Sheriffs from at least three counties in Minnesota are calling on the Department of Human Services to shoulder more of the cost of a growing mental health crisis in jails across the state.
A review of invoices sent to DHS by 5 INVESTIGATIONS reveals the agency was billed for more than $60,000 related to housing inmates who waited weeks and months to be transported to a state hospital for mental health treatment.
Minnesota law gives DHS 48 hours to find a bed for someone after a court finds them incompetent and orders them committed to a state facility.
Judges, lawyers and family members have recently criticized DHS for repeatedly violating what is known as the “48 Hour Law.”
RELATED: Commitment crisis: DHS violates Minnesota’s ’48-hour law’ for mental health treatment
This year alone, Blue Earth County Sheriff Brad Peterson billed DHS four times for inmates who stayed in his jail weeks after being civilly committed to treatment.
“When they are committed by the courts as mentally ill, I personally no longer call them ‘prisoners’ at that point. I call them patients,” Peterson said. “And if they are ‘patients,’ they are not prisoners and should not be in our prisons.”
Brown County Sheriff Jason Seidl also sent more than $25,000 worth of bills to DHS this year.
A summary of receipts from Clay County shows it billed DHS $21,240 for housing eight people over the past two years.
“We would send a bill if we kept someone else. If we house an inmate for another county, we’ll bill that county,” Seidl said. “The medical transports, the medications, the added time and the cuts we have to make for those individuals. It all adds up.”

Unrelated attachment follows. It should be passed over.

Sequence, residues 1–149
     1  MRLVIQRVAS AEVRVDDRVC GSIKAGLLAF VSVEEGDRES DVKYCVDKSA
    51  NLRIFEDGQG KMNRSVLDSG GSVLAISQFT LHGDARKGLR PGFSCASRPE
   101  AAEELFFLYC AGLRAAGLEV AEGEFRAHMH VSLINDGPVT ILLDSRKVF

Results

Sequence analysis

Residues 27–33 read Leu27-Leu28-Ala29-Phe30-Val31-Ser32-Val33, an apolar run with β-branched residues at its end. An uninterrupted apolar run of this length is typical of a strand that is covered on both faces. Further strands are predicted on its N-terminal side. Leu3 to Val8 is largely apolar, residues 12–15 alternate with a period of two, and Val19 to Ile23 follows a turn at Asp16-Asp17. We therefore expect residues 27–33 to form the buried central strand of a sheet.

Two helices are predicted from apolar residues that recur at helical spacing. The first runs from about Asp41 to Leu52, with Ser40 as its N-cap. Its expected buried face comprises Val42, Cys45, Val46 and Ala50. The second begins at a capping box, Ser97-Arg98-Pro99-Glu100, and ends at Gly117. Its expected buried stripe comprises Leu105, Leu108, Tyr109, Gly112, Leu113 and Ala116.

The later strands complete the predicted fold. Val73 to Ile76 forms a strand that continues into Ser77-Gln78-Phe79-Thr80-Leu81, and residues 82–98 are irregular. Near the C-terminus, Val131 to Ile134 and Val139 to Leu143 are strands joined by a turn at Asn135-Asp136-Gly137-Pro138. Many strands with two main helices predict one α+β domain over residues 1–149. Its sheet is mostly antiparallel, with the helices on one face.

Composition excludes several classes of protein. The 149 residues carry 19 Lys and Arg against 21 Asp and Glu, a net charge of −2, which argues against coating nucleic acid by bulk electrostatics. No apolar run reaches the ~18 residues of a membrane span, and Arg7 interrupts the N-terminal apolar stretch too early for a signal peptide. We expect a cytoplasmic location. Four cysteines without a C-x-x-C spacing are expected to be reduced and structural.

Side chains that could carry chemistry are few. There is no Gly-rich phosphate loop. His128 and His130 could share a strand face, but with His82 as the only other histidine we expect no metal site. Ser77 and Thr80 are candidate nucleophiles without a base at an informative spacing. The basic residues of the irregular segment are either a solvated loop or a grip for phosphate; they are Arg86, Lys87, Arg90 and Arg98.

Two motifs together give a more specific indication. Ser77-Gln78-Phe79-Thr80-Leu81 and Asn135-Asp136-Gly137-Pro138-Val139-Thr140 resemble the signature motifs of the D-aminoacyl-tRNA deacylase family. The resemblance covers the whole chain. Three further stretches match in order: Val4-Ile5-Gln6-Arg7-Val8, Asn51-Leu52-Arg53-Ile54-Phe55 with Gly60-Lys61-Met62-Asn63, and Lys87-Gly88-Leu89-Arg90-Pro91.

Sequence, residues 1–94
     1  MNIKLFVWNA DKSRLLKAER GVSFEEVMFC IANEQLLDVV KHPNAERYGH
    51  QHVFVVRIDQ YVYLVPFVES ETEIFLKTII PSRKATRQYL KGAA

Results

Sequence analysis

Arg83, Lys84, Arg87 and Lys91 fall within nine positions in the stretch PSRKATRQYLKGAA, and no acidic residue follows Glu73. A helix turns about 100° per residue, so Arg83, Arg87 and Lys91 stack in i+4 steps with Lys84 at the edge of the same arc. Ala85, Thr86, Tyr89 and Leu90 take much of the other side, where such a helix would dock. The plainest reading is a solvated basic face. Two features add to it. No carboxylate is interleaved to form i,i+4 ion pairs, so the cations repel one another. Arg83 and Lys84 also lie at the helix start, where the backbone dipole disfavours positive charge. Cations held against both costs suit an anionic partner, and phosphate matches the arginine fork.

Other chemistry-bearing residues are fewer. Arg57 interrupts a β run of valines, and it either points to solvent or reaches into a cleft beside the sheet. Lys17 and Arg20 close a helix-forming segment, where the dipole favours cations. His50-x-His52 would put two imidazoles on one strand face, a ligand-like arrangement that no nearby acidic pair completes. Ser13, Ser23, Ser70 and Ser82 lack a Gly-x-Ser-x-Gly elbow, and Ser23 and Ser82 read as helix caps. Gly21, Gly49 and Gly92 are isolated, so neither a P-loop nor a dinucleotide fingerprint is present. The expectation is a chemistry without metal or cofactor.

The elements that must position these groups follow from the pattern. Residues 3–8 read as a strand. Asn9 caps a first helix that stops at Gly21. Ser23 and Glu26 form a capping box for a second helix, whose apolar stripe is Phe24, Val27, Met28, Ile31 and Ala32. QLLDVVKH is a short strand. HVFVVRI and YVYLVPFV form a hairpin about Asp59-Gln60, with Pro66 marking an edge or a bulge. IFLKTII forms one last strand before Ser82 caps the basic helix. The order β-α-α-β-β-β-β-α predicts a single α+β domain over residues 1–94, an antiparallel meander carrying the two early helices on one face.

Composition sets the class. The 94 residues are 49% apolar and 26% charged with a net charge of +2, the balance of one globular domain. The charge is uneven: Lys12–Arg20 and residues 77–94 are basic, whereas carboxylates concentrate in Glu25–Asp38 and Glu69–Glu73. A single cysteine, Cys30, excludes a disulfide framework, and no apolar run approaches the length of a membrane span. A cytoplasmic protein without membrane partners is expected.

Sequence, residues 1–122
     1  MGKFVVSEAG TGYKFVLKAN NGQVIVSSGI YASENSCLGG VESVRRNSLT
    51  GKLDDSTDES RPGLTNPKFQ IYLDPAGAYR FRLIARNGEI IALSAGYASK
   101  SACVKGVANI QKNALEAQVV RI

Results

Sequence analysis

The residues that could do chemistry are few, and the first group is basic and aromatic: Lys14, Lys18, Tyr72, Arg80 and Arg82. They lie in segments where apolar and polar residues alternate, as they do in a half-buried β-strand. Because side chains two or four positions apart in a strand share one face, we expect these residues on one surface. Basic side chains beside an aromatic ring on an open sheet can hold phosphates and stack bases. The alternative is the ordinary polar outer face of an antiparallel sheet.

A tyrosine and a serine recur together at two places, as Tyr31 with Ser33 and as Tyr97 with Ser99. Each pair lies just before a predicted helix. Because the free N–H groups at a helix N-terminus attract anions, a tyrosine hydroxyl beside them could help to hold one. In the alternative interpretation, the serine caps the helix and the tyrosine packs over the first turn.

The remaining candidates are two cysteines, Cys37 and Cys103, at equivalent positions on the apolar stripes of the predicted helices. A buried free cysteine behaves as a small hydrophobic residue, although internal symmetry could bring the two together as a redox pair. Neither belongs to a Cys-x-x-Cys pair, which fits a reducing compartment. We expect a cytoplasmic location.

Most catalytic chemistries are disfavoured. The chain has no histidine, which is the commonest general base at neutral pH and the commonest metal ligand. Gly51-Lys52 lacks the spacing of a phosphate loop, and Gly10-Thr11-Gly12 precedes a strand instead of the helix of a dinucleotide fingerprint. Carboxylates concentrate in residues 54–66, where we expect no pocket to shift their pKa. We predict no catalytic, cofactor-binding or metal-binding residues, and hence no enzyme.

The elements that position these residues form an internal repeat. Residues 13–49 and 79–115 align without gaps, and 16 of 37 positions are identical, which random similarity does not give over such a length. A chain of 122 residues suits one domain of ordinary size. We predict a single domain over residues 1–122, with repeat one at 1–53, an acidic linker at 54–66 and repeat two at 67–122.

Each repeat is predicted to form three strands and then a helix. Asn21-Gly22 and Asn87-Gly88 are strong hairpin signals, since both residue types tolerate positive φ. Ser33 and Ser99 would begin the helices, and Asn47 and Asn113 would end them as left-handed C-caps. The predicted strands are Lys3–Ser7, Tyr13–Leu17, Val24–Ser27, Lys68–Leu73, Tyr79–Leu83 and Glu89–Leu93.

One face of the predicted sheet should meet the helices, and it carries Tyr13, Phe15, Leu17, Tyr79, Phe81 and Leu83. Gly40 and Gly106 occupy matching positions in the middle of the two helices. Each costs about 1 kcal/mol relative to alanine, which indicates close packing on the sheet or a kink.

But so far, DHS, the largest state agency in Minnesota, refuses to pay.
Multiple denial letters sent to sheriffs like Peterson and Seidl say “there is no provision in state law that allows or requires the Department of Human Services to reimburse jails” for people awaiting transfer to a state hospital.
In a statement to 5 INVESTIGATES, DHS added that it does not have the capacity to admit everyone who needs treatment right away.
This week, the agency said it had 62 people on its “priority admissions” waiting list.
“We recognize and understand the frustration that sheriffs are feeling and are open to finding creative solutions,” a DHS spokesperson wrote.
In recent court hearings, attorneys for DHS suggested that the clock on the 48-hour law only starts once an “appropriate medical bed” becomes available, but a judge rejected those arguments and ordered DHS to take immediate action.
RELATED: Judge orders DHS to explain, track failures to follow ’48-hour law’
Some mental health advocates have also called on counties to provide better mental health care to inmates waiting in jails, but sheriffs say they are not equipped to provide the same level of staffing or care as mental hospitals. state.
“They can push this to the sheriff’s office and the jail saying we have to take care of them too, but the state isn’t taking care of them,” Seidl said. “It’s the last game and they’re not paying their bills either.”
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